came up safety on the other side! There is no accounting for the pioneer spirit
of some of our present day citizens!
The demand for better travelling conditions among the growing settlements in the
Barrhead area culminated in the formation of Local Improvement Districts under
elected local authorities. The first one formed, in May of 1910, was L.I.D. No.
30-B-5. This was called the Paddle River L.I.D. This one and three others, 29-
A.5, 29-B-5 and 30-A-5 were subsequently the L.I.D. of Lockerbie No. 580. The
first meeting was held in Gordon McDonald's home at Dunstable. Gordon, later
became the member of Parliament for that constituency. Markus Basche, first
Reeve, is at present in the Auxiliary Hospital at Westlock taking an active
interest in all that goes on. The newly elected council comprised Markus Basche,
Ernie Steinert, C.F. Speck, R.D. Taylor, and Otis Johnson. George Koffman was
appointed secretary-treasurer at a salary of $225.00 per year. Lockerbie
presently became a municipality. Among those who deserve mention for fine
service over the years in Lockerbie were Alex Swanson, R.F. Klein, R.F. Wilson,
N.D. Kerrison, F. Clapp, W. Lamont, C.W. Hoff, H. Crichlow, C. Sylvester, F.
Farry, R. J. MacGinnis, G. Broadhead, F. Brant, J.G. MacGregor, K. Klumph,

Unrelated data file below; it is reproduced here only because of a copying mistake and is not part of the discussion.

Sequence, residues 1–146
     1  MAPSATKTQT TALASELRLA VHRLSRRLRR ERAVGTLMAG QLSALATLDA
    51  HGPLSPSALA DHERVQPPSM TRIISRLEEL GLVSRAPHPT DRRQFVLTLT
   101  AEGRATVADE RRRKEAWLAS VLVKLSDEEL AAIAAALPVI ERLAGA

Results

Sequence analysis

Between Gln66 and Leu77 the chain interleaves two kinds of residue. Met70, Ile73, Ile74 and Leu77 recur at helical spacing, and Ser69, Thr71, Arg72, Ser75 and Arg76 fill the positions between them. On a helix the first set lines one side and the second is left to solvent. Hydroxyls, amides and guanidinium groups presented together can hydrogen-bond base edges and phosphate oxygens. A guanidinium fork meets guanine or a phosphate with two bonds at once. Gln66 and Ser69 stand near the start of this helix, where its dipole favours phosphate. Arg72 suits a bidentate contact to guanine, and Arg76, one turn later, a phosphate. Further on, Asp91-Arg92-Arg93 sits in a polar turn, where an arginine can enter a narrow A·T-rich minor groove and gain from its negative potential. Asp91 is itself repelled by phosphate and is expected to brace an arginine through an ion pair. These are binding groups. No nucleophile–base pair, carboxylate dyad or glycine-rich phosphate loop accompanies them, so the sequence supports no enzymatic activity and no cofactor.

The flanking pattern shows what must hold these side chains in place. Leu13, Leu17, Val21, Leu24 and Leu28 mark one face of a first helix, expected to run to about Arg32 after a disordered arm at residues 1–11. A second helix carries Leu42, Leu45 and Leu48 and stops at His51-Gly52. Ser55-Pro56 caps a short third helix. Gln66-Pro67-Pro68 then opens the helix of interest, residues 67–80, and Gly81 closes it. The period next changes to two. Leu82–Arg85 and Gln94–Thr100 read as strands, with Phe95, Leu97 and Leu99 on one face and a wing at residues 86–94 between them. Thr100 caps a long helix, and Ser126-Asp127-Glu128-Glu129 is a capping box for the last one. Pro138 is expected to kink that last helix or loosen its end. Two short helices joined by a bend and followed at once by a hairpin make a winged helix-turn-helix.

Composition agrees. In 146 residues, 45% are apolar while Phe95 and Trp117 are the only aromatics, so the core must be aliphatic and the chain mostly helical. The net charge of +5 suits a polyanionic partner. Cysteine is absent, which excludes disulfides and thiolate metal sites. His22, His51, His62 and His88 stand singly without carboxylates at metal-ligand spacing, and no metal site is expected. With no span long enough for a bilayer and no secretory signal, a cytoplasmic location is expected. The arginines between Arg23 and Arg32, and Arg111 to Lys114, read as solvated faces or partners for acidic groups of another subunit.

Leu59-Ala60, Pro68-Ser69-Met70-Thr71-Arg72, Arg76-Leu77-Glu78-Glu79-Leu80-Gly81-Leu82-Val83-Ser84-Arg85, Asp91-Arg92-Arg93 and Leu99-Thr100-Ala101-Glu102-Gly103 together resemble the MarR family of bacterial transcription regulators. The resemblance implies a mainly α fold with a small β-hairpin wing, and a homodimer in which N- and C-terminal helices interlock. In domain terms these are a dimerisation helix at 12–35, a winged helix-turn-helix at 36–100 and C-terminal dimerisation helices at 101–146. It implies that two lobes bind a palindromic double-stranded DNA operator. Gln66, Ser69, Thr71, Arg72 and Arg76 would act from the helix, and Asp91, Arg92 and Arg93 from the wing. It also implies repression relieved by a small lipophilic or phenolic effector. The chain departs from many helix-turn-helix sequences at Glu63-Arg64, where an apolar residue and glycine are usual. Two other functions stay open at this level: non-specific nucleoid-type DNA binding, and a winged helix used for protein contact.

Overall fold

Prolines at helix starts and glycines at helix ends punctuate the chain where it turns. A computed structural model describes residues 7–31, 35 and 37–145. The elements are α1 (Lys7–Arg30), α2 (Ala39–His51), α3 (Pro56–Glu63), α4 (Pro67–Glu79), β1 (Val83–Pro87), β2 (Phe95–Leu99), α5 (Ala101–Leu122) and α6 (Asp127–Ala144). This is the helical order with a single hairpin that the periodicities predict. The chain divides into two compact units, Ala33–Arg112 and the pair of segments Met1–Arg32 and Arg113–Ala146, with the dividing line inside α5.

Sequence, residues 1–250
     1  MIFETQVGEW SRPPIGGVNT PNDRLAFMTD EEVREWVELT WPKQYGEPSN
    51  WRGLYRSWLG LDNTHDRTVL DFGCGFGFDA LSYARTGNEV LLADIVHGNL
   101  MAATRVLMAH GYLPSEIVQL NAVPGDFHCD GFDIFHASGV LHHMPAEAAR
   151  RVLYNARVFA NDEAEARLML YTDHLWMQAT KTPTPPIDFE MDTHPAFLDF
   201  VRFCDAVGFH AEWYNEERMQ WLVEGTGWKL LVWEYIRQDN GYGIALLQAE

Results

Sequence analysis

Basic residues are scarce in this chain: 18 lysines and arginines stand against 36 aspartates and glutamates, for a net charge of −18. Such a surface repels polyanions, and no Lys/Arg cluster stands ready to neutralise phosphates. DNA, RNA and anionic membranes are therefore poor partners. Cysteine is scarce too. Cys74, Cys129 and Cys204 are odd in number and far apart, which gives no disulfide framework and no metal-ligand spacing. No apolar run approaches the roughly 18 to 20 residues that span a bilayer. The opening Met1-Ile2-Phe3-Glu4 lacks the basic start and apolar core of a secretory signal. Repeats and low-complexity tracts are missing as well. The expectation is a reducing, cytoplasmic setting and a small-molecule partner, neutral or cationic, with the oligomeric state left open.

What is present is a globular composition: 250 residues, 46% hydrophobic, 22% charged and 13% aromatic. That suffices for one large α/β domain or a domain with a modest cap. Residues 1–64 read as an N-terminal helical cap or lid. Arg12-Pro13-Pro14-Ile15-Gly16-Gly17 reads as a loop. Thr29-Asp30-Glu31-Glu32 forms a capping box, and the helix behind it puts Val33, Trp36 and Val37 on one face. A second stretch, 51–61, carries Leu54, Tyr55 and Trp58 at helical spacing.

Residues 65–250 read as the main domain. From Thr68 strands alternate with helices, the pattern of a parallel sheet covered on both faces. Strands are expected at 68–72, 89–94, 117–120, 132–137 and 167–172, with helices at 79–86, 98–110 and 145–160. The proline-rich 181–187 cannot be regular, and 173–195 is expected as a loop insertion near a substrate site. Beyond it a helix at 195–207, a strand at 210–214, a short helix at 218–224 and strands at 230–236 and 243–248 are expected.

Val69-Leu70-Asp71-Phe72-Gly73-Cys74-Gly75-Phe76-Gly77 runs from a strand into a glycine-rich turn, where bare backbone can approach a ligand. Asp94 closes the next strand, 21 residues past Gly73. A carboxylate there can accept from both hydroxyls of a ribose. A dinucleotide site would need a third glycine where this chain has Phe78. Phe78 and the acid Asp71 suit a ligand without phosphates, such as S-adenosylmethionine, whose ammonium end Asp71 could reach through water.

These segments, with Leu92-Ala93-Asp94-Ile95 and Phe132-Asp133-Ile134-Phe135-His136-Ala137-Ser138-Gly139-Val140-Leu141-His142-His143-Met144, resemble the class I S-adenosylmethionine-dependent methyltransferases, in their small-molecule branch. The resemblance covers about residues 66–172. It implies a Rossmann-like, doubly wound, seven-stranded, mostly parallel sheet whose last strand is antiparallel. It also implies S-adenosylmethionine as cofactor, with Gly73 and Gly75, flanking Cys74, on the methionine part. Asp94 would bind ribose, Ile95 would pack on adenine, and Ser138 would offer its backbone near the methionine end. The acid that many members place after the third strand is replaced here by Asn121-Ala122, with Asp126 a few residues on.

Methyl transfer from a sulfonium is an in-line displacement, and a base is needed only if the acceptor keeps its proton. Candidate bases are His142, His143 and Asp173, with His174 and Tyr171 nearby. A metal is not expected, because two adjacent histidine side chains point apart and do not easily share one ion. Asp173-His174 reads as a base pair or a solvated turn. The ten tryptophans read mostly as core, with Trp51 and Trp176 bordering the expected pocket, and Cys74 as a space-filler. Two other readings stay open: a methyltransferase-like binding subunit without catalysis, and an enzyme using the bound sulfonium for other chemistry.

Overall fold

Weisondorfer, E.G. Kipp, William Shelly, J. B. Nixon, William Johnson, A.S
Beach, Wayne Rogers, J. Borle, H. Terhorst, P.R. Hooper, Bert Whittaker.
In 1928 a new district to the north of Lockerbie became the Shoal Creek
Municipality about ten years after the formation of Pershing to the west of
Lockerbie in 1918. In 1943 the new Municipal District of Westlock No. 562 was
defined. It comprised the following areas: all of Tawatinaw No. 608, all of
Pibroch No. 609, all of Shoal Creek No. 610, part of Lockerbie No. 580, and part
of Hazelwood No. 579. The final meeting of Lockerbie took place on the 28th of
January, 1943. At this time, Pershing was absorbed into Lac Ste. Anne.
At the first meeting of the new Westlock M.D. the following councillors took
their seats: Alois Zaczowski, Henry Terhorst, Fred Casavant, Leslie Short, Moise
Dusseault, William Giles, and William Johnson. Johnson, of Barrhead, was
appointed the first Reeve. Thomas Garde became the secretary-treasurer, a post
he held with the Pibroch M.D. In 1946, upon Mr. Garde's death, Mr. F. W.
Stutchbury succeeded him. "Stutch" had previously been secretary of Lockerbie.
The M.D. of Westlock continued until 1955 and during these years, the succession
of councillors was as follows: George Schultz, Sam Nowakowsky, W. A. MacGregor,
Frank Armstrong, Otto Trautman, John Harry, Fred Madson, Oscar Wiese, Walleston
Merdier. In 1955, an order-in-council by the Provincial Government under the Co-
Terminous Boundary Commission designated two new Municipalities: Barrhead No.
106 and Westlock No. 92.
The Barrhead M.D. was formed from part of Lac Ste. Anne, part of Westlock and
parts of L.l.D. No's.107 and 108. W. A. MacGregor organized the first election
for Barrhead, N.S. Kennedy, Municipal Inspector for the Department was appointed
Administrator, and Gerald (Jerry) Rourke, Departmental Accountant was the
temporary secretary. Mr. Rourke served in this capacity until the appointment of
Mr. Ronald Penrice, who previously had been Assistant Secretary at Sturgeon. The
Barrhead School Division provided office space until the council rented an old